Our results were lower than the values found by Hyong & Kim (2014) in their study, using a protocol with six practice trials, (intra-tester SEM and SDC of 2.41–3.30, and 7.16–8.99).

The SEM and SDC95 recorded in the present study are lower than the values found by Van Lieshout et al. (2016), except the ANT direction for left leg.

The current SEM and SDC95 values for the three directions were lower for the right leg than the values obtained for the left leg, showing a more stable performance in maintaining balance on the right leg.

In contrast to our results, Van Lieshout et al. (2016) found systematic lower SDC values for the left leg, probably because of the protocol and learning-effects. Their protocol started always with the right leg as the stance leg. In order to eliminate this learning-effect we used the following testing order: right ANT, left ANT, right PM, left PM, right PL, and left PL.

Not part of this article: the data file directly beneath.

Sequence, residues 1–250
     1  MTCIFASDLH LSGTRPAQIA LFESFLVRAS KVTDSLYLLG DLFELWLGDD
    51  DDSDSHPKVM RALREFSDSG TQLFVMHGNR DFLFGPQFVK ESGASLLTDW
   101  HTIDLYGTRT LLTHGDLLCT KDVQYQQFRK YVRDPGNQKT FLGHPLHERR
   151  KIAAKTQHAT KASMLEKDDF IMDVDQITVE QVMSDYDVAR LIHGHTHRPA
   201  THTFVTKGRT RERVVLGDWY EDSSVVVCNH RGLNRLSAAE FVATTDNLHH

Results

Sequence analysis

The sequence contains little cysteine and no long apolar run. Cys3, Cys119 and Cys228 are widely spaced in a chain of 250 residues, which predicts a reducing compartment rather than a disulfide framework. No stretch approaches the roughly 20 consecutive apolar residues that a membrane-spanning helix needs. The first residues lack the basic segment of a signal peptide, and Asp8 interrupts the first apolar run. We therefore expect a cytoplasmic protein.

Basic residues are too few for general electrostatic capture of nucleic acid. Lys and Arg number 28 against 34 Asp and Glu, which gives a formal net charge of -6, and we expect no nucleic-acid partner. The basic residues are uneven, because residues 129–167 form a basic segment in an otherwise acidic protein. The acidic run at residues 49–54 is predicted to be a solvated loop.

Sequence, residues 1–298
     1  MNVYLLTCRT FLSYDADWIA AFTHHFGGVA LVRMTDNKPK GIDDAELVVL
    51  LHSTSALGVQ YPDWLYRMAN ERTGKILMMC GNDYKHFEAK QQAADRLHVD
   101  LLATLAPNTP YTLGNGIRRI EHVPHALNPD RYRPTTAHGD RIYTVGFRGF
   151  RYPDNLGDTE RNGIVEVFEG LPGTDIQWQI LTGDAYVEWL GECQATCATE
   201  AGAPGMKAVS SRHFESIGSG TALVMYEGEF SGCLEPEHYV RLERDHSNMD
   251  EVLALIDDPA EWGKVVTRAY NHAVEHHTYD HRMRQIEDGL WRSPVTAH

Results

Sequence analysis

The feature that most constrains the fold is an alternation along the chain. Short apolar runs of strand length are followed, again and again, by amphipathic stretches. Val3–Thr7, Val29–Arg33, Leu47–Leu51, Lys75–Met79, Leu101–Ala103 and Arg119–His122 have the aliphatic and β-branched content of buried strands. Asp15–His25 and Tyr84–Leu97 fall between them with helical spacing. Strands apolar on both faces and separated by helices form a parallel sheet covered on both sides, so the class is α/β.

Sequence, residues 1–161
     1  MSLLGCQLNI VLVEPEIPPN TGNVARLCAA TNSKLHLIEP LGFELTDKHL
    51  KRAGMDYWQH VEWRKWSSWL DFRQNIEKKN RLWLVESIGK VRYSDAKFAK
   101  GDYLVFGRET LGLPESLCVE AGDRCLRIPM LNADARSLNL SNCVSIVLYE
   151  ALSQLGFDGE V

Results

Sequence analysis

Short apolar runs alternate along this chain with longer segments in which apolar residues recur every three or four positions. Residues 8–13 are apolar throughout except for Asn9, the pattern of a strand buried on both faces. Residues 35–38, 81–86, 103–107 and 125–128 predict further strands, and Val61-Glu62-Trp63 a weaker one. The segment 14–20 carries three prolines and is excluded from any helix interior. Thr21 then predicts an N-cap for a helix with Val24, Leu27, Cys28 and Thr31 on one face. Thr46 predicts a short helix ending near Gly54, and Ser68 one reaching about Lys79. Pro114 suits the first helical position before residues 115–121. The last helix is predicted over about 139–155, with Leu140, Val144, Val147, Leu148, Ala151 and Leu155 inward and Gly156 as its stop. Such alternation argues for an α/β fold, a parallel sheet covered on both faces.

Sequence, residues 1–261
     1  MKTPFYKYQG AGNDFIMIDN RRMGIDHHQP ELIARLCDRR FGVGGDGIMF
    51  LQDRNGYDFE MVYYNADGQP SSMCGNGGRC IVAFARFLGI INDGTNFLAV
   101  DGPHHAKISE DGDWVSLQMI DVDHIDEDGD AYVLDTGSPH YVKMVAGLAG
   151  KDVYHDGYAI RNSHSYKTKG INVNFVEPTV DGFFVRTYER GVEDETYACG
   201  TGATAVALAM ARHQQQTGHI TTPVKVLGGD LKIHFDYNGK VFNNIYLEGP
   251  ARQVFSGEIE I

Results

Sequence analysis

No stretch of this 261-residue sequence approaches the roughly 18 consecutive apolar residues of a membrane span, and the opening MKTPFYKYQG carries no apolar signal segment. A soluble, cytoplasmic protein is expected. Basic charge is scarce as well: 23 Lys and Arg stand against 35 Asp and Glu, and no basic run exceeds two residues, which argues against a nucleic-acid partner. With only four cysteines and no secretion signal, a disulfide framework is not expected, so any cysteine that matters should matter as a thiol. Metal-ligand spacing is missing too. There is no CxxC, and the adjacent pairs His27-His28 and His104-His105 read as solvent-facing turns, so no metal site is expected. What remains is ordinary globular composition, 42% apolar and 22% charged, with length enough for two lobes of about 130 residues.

Whereas previous reliability studies have used at least four practice trials on smaller groups of healthy subjects, our data were similar or even superior to those previous studies. The reliability values found in our study on a larger sample have significant implications in sports settings. Using only one practice trial in athletes familiar to the test will reduce the physical assessment time, the burden on athletes and on tester, especially in the pre-season screening of teams with high number of sportsmen.